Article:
‘Freedom must be armed,’ he said bluntly, as a heavily armed guard kept watch close by – a stark reminder that Zelensky’s own life, and the life of his nation, are in acute peril.

Zelensky admitted the last month had been ‘long’ and left him heartbroken, but he hailed Ukrainians’ willingness to fight. ‘This is a war for independence and we must win,’ he said, flitting between Ukrainian, English and his native Russian. ‘We will rebuild every city, we will bring the invaders to justice for every crime,’ he said. ‘All our people will live in a free Ukraine.’

His appeal came exactly one month after Russian tanks rolled over the border, bringing a conflict that has already killed thousands of Ukrainian civilians, and thousands more soldiers on both sides.

More than 10 million Ukrainians have fled their homes, as cities have faced sustained Russian bombardment from land, sea and air.

In the southern port city of Mariupol alone, 100,000 people are trapped without food, water or power and enduring fierce shelling by Russian forces.

In the city’s hospital, local officials said staff have evacuated patients to the basement, where they are treated by candlelight beside 600 to 700 other residents seeking what little safety they can.

Experts say Russia’s once-vaunted military has been bogged down by dogged resistance and has turned to long-range bombardment in the hope of breaking Ukrainian resolve.

Washington said Wednesday that Russian President Vladimir Putin’s bombing campaign amounted to war crimes, escalating a confrontation between Moscow and the West that has rivalled the worst crises of the Cold War.

‘We’ve seen numerous credible reports of indiscriminate attacks and attacks deliberately targeting civilians, as well as other atrocities,’ US Secretary of State Antony Blinken said.

‘Based on information currently available, the US government assesses that members of Russia’s forces have committed war crimes in Ukraine.’

So far the conflict has not spilt over into direct military conflagration between Russia and NATO, but Ukraine’s allies fear that Moscow may up the ante with a chemical, biological or even tactical nuclear attack.

Freshly-dug graves to bury the victims of Russia’s invasion are seen in Dnipro, a city in central Ukraine which has been shelled by Russian forces in recent days

A woman wounded by Russian artillery strikes near Kyiv, Ukraine, is loaded into the back of a makeshift ambulance

A destroyed house is seen on the outskirts of Kyiv, Ukraine, after being struck by a Russian artillery shell on Wednesday

A burned-out car sits next to a badly-damaged house after Russian shelling on the outskirts of Kyiv, the capital of Ukraine

Facing mounting diplomatic and economic pressure, Putin’s regime has responded by warning Russia could use nuclear weapons if it faces an ‘existential threat’.

In the back-to-back Brussels summits, US President Joe Biden and other leaders are expected to bring pledges of more lethal weapons to Ukraine and more punishing sanctions for Russia’s already crisis-wracked economy.

But they will also have to weigh how to deter further Russian escalation, without risking an all-out war with Russia.

NATO chief Jens Stoltenberg has said the summit will see leaders agree to ‘major increases of forces’ on the alliance’s eastern borders, including four new battle groups in Bulgaria, Hungary, Romania and Slovakia.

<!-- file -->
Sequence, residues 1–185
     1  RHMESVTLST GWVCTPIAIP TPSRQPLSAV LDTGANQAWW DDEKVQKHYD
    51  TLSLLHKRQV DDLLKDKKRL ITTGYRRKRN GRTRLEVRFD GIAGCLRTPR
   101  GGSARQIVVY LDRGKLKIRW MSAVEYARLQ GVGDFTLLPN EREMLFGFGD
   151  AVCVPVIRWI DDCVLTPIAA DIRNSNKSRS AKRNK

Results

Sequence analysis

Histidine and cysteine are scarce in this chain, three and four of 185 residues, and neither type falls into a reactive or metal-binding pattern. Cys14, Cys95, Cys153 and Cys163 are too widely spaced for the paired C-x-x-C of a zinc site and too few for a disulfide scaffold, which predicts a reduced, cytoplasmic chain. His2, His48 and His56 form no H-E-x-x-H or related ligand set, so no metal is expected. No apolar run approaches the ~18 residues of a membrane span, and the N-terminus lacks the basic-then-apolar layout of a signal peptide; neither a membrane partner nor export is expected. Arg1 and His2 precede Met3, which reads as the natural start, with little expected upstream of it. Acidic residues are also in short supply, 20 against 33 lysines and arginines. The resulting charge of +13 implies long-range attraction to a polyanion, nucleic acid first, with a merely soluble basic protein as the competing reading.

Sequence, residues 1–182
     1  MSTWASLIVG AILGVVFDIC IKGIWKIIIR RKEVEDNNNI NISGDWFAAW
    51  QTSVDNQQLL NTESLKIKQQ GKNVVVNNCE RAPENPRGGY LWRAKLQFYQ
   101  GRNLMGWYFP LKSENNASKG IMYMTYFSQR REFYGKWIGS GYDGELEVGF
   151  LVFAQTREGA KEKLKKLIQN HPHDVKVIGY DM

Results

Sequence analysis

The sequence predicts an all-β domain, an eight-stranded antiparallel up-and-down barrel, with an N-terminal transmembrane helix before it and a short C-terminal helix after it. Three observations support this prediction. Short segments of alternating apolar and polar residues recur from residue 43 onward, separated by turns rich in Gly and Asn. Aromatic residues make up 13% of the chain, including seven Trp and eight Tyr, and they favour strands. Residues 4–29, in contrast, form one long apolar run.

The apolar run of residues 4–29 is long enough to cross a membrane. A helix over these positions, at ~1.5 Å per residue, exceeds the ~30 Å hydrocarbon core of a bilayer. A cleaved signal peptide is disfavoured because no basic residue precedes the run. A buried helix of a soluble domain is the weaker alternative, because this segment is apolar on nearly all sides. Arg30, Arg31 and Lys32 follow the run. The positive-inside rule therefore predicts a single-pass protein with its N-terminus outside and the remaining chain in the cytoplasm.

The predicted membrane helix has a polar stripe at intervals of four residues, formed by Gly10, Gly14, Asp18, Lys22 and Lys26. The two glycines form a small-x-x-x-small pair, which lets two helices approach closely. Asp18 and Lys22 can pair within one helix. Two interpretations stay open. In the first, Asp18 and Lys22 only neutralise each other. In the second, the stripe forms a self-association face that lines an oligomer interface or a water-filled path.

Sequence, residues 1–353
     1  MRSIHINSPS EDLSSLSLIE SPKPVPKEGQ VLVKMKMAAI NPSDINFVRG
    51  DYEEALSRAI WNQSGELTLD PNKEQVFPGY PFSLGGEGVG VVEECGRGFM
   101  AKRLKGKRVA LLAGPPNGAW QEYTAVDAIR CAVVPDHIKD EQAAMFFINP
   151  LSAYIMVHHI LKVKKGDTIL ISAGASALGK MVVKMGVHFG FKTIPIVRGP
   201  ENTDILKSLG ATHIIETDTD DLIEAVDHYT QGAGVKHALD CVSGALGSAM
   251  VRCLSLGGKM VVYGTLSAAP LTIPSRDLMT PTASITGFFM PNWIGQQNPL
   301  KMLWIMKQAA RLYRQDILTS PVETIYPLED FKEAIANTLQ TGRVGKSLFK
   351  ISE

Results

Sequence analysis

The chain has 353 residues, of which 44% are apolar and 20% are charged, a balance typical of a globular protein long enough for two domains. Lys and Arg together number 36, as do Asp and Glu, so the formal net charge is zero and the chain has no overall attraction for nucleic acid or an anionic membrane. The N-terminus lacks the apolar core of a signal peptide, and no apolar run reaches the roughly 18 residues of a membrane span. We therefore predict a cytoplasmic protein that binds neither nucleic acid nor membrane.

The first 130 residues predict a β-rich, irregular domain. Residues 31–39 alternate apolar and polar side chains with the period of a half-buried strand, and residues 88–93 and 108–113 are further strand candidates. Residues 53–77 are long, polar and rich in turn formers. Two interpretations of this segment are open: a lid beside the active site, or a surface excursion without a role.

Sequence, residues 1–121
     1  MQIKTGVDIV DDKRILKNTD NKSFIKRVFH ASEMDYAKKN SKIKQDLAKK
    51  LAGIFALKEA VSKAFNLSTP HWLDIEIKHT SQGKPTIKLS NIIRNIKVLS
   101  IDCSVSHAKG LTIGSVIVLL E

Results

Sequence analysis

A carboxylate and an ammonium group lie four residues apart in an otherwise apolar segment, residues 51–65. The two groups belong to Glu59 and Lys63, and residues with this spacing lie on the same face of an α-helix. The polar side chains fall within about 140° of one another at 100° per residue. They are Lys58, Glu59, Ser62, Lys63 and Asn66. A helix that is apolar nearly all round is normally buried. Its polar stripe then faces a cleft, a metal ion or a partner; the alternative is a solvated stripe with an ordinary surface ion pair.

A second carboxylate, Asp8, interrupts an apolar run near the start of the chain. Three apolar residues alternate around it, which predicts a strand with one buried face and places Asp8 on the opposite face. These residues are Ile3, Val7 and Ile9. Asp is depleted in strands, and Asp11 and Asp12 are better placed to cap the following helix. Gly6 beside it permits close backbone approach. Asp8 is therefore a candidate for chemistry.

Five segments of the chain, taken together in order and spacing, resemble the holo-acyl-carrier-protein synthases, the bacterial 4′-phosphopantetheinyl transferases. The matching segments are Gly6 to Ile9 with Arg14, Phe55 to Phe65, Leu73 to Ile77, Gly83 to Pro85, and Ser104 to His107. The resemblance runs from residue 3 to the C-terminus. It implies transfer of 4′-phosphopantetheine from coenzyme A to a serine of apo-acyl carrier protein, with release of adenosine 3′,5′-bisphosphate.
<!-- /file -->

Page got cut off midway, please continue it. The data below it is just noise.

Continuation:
NATO officials believe that – armed with an arsenal of Western anti-tank and anti-aircraft weapons – Ukrainian forces may have already killed as many as 15,000 Russian soldiers and wounded perhaps 30,000 to 40,000.

Putin’s regime officially puts the number of Russian fallen at under 500, and has introduced draconian censorship laws to prevent independently verified news about what it calls a ‘special military operation.’

Recent days have brought claims of Ukrainian forces not only repelling attacks from the much larger and much better armed Russian military, but launching counteroffensives and winning back territory around Kyiv. 

To blunt the damage done by sanctions, Putin said Wednesday that Russia will only accept payments in rubles for gas deliveries to ‘unfriendly countries’, which include all European Union members.

The manoeuver sharpened growing debate in Europe – which is heavily dependent on Russian energy imports – about possible bans on Russian oil and gas.

Moscow has warned an embargo would prompt a ‘collapse’ of the global energy market.

While Europe has appeared fractured on the question of an oil embargo, there are also signs of fissures within Putin’s regime.

Moscow confirmed that Anatoly Chubais – a former Kremlin chief of staff who oversaw liberal economic reforms in the 1990s – quit his post as a Putin advisor. He has reportedly fled the country in protest at the war.

Russia still has a vital friend in China, which dismissed suggestions that Moscow should be expelled from the G20 group of countries.

But Scott Morrison, prime minister of G20 member Australia, said he believed that Putin attending a leaders’ summit in Indonesia later this year would be ‘a step too far.’

Nearly a month into the invasion, peace talks have agreed on daily humanitarian corridors for refugees, and Ukraine says it is willing to countenance some Russian demands subject to a national referendum.

But it has refused to bow to demands to disarm and renounce its pro-Western ambitions.

Ukraine’s lead negotiator Mykhaylo Podolyak said the peace talks were encountering ‘significant difficulties.’ Moscow accused the United States of undermining the process.